About all that the Greeks could do at that point is to start printing Drachmas (which would immediately plunge in value).
     
    Last edited: Feb 9, 2015
  8. youreyes amorphous ocean Valued Senior Member

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    2,830
    Greece, along with Austria are disapproving the sanctions imposed on Russia by EU. Such tall call in the face of Obama, means that Greece at least is either trying to get a bigger buck from EU and to ease its debt or to switch sides and leave EU altogether.

    Recent visit of Merkel to US, just shows the fragility of EU as a whole and the extent of reaffirmation the politicians must go to to "assure" of the strength of the partnership between US and EU.

    So yes, Greece will exit, if EU doesnt give it big bucks, which by the looks of NBG stocks, isnt happening.
     
  9. joepistole Deacon Blues Valued Senior Member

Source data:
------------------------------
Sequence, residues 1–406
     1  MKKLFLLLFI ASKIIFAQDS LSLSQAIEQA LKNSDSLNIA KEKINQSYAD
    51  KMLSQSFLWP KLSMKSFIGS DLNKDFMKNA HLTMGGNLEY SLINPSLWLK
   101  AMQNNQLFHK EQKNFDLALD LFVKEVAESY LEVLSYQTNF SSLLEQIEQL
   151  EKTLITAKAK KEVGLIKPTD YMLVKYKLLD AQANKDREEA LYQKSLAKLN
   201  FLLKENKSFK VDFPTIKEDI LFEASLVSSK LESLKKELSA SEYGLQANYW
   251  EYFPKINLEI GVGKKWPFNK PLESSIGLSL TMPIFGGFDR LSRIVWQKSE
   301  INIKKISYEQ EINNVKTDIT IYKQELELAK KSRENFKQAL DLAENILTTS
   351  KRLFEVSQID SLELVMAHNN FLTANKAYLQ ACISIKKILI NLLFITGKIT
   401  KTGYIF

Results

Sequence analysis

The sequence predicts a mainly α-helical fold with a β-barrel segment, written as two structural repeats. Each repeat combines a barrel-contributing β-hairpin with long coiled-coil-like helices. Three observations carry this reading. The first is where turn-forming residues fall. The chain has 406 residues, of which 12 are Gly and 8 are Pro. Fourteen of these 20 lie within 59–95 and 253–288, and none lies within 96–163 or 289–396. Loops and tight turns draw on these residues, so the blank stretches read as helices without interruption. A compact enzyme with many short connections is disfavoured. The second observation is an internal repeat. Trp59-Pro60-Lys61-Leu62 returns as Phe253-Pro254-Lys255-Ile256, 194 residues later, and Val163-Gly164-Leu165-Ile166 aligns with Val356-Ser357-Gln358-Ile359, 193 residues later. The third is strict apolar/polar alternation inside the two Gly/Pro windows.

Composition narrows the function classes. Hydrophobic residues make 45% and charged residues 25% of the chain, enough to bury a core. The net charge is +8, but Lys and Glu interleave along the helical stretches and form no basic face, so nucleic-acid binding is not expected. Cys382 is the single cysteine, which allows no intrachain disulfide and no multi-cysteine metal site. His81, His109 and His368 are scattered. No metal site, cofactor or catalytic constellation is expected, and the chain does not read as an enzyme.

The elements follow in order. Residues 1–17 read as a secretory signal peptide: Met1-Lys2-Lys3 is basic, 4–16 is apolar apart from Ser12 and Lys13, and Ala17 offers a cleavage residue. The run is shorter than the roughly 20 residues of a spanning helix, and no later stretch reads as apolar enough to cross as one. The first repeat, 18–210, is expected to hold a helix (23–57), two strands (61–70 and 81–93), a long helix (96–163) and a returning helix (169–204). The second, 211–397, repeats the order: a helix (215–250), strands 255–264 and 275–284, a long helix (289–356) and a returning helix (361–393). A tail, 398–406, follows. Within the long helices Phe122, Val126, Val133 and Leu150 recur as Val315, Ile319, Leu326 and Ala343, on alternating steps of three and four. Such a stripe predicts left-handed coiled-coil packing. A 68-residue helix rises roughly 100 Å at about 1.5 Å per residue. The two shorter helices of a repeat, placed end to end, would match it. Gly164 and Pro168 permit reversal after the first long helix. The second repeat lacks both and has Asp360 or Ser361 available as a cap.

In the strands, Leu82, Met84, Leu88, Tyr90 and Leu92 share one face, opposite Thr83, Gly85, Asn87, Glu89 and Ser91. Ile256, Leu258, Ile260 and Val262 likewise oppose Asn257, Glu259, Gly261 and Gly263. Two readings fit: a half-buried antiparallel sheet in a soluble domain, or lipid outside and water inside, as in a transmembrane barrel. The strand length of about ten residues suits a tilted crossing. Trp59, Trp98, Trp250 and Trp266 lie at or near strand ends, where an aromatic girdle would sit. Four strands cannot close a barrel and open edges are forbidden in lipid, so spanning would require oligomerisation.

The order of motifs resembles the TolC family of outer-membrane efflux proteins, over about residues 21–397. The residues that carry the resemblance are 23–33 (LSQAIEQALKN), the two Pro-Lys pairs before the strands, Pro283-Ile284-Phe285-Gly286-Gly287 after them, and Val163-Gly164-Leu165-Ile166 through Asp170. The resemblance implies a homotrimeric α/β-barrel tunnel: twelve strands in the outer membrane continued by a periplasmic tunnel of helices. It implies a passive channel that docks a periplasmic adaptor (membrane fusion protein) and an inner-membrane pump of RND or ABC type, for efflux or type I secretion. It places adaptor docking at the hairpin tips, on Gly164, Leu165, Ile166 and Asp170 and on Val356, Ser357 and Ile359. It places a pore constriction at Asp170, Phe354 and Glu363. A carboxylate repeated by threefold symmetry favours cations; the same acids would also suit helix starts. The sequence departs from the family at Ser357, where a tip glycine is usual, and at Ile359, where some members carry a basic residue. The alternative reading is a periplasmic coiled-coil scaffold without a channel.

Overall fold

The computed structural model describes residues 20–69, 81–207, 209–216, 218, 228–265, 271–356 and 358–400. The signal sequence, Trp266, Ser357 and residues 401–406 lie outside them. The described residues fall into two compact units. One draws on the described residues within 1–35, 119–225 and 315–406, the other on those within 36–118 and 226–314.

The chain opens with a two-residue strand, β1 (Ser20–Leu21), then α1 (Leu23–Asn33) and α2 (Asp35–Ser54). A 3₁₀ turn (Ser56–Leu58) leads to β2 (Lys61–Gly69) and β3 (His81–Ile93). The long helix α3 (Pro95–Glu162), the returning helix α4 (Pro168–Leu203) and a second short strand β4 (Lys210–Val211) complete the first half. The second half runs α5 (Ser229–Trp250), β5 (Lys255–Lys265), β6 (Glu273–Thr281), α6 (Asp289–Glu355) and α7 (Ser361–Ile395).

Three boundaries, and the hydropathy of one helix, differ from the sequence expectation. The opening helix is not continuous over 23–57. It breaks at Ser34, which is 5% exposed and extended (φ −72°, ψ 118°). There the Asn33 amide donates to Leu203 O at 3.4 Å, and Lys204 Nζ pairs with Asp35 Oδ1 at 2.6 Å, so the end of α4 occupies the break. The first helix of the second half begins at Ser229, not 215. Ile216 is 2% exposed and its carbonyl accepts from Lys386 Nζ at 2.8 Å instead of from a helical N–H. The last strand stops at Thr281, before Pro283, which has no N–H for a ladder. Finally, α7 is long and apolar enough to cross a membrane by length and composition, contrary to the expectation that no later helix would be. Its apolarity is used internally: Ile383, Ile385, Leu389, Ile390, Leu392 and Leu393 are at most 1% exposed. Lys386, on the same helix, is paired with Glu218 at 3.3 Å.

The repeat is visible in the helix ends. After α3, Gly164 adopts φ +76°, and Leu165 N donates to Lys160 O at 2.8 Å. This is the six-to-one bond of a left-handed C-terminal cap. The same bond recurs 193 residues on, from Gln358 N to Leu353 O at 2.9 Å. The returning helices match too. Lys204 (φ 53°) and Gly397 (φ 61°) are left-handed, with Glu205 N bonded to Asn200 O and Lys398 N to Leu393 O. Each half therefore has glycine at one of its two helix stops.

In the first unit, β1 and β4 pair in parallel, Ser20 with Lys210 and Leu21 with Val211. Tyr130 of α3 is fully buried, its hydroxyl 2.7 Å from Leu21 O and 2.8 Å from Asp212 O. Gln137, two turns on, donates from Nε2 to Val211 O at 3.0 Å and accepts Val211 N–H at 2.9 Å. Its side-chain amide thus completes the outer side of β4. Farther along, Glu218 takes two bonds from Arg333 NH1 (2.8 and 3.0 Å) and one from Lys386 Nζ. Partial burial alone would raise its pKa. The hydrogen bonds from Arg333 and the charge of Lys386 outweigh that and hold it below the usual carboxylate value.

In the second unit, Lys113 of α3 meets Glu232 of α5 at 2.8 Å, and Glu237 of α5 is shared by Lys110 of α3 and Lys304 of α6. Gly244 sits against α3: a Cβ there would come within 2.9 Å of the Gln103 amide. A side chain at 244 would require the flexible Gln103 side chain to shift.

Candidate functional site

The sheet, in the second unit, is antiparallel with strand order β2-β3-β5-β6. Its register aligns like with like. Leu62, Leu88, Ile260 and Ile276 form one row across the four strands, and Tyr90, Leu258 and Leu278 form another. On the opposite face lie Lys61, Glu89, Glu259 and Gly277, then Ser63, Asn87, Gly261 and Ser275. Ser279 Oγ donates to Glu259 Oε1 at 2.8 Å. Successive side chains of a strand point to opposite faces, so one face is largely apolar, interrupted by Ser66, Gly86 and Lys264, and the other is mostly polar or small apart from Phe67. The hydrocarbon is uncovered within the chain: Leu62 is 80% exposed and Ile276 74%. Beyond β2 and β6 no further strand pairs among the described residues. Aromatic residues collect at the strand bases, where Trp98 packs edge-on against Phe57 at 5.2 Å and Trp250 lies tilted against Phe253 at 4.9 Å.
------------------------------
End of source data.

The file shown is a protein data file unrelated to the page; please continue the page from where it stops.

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    What is amazing is anyone thinks Greece is important. Greece's GDP is 242 billion dollars. That's chump change. As for US - EU fragility, you have been listening to too much Putin.

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  10. Enmos Valued Senior Member

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  11. Billy T Use Sugar Cane Alcohol car Fuel Valued Senior Member

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    Looks likely now:
     
  12. iceaura Valued Senior Member

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    That wouldn't be the idea involved. The idea would be that Greece might have somewhere to land when it parachutes out of the Euro. Not a nice place, but a floor below which the hardships of austerity cannot be safely put.

    Until recently the Eurozone moneylenders seemed to be acting under the assumption that Greece had nowhere to go to escape whatever "austerity measures" the Lloyd Blankfeins of the Euro could dream up for the peasantry.
     
  13. joepistole Deacon Blues Valued Senior Member

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    There will probably be a lot of showboating and chest pounding in the coming weeks. They have till April to resolve this issue. So I expect a lot of drama between now and then.
     
  14. Michael 歌舞伎 Valued Senior Member

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  15. quantum_wave Contemplating the "as yet" unknown Valued Senior Member